Confrey, J. (1990). A Review of the Research on Student Conceptions in Mathematics, Science, and Programming. Review of Research in Education,16, 3. doi:10.2307/1167350
Kambouri, M. (2014, April 16). Teacher’s and children’s misconceptions in science [Scholarly project]. In ResearchGate. Retrieved January 05, 2017, from
Posner, G. J., Strike, K. A., Hewson, P. W., & Gertzog, W. A. (1982). Accommodation of a scientific conception: Toward a theory of conceptual change. Science Education,66(2), 211-227. doi:10.1002/sce.3730660207
Sadler, P. M., Sonnert, G., Coyle, H. P., Cook-Smith, N., & Miller, J. L. (2013). The Influence of Teachers’ Knowledge on Student Learning in Middle School Physical Science Classrooms. American Educational Research Journal,50(5), 1020-1049. doi:10.3102/0002831213477680
Science teaching reconsidered: a handbook. (1997). The National Academies Press. Retrieved January 09, 2017.


  1. Hi Wincherella,

    Thank you for your post. You have asked two questions that particularly resonate with me. How can teachers identify their own misconceptions and how can they better understand and identify misconceptions of their students? I like to think that I teach within the limitations of my understanding. I have no shame in saying “I don’t know, let me get back to you” to my students and I make it very clear when I am offering a personal opinion on a particular matter so that students don’t accept my opinions as fact.

    Still, I have been guilty of erroneously passing on my share of misconceptions to students. I feel I am best able to identify my own misconceptions through collaborating with colleagues. I often ask colleagues if I could run through my understanding of a concept with them and I have had many teachers come to me to do the same.

    For me, the best way to identify misconceptions held by my students is to ask them to explain processes orally. I have used oral assessments within math, physics and biology classes and find they are a great way to really understand what students know. They do take a bit more time to execute, but it is time very well spent in my opinion. This summer I had the opportunity to teach Biology 12 to 24 students and I scheduled a 1-hour oral exam with each student. Daunting as it seemed leading up, it was one of the most rewarding experiences of my career and provided me with much better insight as to what my students actually learned than any written test could have provided.

  2. HI Anne and Bryn,
    I agree with both of you that teachers have misconceptions and can pass these misconceptions along to their students. Bryn I also totally agree that it is ok to say “I am not sure, let me get back to you”, another really effective method I have found is to stop and take this as a teachable moment. Teachable for both the instructor and student. We stop and try to find the best answer together, either as a class, a small group or just the student and I. It not only allows the students to see that I do not have all the answers, but also the process I use to find the answer. It has really been great, especially in the whole class situation, to see what resources students use to solve the problem. Also the students monitor each other, if a students googles the answer and chooses the first hit other students will often say, well we should check to see that that information is correct. I love it when that happens.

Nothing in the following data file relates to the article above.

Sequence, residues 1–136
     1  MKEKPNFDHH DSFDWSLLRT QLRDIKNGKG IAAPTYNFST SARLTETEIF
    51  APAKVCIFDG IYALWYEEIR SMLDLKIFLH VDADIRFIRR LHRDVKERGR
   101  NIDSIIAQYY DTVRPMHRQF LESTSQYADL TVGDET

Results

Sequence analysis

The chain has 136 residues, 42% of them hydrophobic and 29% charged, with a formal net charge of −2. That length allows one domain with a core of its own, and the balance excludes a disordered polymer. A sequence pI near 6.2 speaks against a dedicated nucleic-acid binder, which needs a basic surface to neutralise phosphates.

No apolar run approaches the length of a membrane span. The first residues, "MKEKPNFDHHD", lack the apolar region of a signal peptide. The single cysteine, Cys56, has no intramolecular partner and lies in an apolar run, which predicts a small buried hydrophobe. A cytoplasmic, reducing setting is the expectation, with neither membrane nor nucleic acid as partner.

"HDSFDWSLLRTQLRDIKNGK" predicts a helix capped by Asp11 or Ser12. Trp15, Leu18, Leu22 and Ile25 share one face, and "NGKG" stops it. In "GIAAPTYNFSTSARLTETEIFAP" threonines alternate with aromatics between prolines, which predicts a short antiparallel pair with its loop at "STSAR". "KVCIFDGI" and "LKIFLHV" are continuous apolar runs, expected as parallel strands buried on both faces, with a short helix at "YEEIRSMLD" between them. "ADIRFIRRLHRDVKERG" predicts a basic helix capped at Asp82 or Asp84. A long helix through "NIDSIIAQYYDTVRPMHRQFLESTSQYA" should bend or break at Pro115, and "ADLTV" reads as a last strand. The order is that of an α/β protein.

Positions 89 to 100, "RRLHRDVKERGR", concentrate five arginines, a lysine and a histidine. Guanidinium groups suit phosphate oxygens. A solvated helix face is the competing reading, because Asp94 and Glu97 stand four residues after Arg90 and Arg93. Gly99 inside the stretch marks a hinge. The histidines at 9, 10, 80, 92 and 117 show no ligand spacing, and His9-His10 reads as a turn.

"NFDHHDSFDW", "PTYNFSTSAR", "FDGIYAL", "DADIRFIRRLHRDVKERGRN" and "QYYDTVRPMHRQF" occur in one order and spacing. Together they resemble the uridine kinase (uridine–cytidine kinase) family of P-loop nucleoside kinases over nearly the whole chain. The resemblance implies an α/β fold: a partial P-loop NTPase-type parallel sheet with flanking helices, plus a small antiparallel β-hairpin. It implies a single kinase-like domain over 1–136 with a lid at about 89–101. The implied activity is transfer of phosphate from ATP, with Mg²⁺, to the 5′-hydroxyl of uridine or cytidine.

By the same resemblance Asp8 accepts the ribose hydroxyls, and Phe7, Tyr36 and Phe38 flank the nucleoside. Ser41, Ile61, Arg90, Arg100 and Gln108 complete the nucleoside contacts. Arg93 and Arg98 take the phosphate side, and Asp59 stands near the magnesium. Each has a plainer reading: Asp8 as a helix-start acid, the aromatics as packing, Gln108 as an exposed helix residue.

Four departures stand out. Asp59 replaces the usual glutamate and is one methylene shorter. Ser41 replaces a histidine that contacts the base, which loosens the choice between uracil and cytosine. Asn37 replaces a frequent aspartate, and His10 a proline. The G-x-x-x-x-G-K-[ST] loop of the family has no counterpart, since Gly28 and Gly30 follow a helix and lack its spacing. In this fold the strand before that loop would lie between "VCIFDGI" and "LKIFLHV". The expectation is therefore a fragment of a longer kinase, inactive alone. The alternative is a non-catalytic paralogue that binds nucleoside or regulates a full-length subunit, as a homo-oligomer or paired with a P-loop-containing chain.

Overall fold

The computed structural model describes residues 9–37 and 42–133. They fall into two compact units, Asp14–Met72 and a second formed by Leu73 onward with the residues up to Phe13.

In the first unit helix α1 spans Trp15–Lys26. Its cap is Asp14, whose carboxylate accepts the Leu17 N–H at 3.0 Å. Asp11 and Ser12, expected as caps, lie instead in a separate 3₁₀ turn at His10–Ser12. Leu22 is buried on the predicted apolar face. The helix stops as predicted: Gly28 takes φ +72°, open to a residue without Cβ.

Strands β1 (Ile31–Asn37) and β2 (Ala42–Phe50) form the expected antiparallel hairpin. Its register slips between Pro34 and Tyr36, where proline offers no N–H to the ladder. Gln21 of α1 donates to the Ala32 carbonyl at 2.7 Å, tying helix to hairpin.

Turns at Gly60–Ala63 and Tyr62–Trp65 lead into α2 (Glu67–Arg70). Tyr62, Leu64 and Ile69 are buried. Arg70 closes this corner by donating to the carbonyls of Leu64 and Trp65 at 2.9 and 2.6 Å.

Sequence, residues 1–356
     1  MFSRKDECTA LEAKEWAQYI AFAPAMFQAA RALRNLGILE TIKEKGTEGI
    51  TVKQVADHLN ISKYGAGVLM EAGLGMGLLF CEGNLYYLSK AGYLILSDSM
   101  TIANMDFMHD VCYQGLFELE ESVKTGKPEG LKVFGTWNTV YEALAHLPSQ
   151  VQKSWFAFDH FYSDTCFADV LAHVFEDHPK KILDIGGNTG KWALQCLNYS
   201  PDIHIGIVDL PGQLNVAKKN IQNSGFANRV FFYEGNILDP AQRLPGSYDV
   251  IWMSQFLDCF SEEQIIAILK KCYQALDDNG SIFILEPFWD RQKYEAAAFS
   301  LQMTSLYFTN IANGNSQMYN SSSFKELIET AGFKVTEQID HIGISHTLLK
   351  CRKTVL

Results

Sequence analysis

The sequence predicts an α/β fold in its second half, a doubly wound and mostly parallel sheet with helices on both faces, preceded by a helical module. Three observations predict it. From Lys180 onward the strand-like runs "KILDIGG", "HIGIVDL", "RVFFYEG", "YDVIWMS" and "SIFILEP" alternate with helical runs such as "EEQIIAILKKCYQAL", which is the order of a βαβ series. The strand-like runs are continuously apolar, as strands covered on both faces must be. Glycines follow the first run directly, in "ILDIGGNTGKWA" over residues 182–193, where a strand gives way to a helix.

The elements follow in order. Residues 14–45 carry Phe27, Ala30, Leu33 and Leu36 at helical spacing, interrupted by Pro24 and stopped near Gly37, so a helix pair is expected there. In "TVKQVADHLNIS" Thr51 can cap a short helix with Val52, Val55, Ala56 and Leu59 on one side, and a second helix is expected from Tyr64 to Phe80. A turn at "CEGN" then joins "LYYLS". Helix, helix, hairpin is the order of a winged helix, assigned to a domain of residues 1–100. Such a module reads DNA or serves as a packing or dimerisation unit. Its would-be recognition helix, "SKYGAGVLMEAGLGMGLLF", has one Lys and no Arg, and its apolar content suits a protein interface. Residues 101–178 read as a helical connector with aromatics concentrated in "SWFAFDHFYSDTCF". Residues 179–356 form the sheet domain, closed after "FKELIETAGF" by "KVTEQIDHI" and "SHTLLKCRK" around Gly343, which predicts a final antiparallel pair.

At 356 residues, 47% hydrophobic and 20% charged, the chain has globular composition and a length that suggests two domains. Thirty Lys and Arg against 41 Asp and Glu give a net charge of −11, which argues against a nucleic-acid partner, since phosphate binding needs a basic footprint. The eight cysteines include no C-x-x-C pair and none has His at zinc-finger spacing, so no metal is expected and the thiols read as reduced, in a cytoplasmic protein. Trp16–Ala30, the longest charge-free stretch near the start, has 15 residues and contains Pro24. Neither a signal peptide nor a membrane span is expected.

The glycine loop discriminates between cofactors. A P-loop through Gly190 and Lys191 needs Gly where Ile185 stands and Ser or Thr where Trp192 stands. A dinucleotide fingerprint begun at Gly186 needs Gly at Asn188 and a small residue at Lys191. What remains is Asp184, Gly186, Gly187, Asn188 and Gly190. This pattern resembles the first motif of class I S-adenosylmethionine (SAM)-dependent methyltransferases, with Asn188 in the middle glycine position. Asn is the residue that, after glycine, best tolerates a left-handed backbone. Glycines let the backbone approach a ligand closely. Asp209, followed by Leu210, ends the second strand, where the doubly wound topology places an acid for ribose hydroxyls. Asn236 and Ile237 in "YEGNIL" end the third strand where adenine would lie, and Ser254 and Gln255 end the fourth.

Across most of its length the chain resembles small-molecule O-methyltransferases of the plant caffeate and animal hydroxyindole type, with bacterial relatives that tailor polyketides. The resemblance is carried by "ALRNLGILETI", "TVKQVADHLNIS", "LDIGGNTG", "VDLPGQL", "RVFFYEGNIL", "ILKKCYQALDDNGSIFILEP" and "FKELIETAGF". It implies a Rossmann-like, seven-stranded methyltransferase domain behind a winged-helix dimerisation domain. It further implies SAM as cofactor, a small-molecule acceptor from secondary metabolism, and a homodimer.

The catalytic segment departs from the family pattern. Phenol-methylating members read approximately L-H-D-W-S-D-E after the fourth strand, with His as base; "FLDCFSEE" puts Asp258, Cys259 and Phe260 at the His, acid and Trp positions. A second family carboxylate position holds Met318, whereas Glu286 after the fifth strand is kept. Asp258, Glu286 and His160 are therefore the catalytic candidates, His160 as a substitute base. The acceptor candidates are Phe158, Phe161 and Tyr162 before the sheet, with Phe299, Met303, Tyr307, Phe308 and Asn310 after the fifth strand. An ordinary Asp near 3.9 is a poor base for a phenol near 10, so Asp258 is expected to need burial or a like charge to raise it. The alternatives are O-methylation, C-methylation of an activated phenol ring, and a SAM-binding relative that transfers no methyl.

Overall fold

Secondly, I too have come to assess almost every subject area (elementary grade 6-8) with oral assessments. Just sitting and talking with the students gives me a much better understanding of what they know, as well as, what misconceptions they may have. One of the benefits of this has also been improved student confidence. They often prove to themselves they understood more than they thought.

  3. Hi Anne (and Bryn and Catherine!),

    I enjoyed reading your thoughtful and reflective post. I really appreciate your honesty when you reflected on the misconceptions that we may have ourselves as educators, and it helped me feel a little better about some of the misconceptions I too have had in the past. I originally trained (and worked) as a secondary English teacher and found myself teaching in a grade 4/5 classroom (which I love!) four years ago with little elementary experience. I still tend to rely on textbooks to support my teaching, but it was a good reminder after reviewing this week’s materials, that textbooks also teach under the assumption that we already know certain information. Realistically, one book or site cannot teach any of us everything we need to know about a topic. When I personally research a topic, I look to a variety of different sources, both print and digital media, in order to gain a deeper understanding of a topic. I would never look at only one textbook and consider myself knowledgeable in a subject, but due to time constraints, that is often what happens in the classroom for many students (and I am guilty of doing this myself).